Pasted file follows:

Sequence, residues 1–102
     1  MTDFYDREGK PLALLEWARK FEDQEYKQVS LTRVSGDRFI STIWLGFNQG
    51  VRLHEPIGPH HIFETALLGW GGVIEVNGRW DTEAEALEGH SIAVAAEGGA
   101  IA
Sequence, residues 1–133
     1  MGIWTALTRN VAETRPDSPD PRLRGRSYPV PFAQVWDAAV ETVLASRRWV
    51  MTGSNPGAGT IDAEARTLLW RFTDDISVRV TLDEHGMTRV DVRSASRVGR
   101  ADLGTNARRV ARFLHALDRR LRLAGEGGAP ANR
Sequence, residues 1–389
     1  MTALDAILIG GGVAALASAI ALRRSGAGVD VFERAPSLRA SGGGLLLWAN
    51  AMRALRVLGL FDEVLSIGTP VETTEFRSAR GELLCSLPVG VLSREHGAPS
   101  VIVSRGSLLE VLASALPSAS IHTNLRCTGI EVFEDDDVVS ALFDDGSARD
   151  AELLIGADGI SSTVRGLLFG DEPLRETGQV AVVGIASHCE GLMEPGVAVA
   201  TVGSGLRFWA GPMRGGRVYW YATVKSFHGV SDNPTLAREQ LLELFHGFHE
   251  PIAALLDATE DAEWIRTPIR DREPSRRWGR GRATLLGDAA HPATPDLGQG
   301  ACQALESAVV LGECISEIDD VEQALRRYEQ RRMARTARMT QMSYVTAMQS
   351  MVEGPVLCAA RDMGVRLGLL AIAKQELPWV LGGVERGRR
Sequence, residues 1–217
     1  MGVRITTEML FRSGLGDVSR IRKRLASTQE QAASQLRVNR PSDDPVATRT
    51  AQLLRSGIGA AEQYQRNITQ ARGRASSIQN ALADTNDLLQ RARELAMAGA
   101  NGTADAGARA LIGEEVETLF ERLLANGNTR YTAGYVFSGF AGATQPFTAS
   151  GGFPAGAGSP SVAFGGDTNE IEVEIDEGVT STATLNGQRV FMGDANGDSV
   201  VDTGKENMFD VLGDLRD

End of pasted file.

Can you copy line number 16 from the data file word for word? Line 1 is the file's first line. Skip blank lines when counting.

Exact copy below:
   301  ACQALESAVV LGECISEIDD VEQALRRYEQ RRMARTARMT QMSYVTAMQS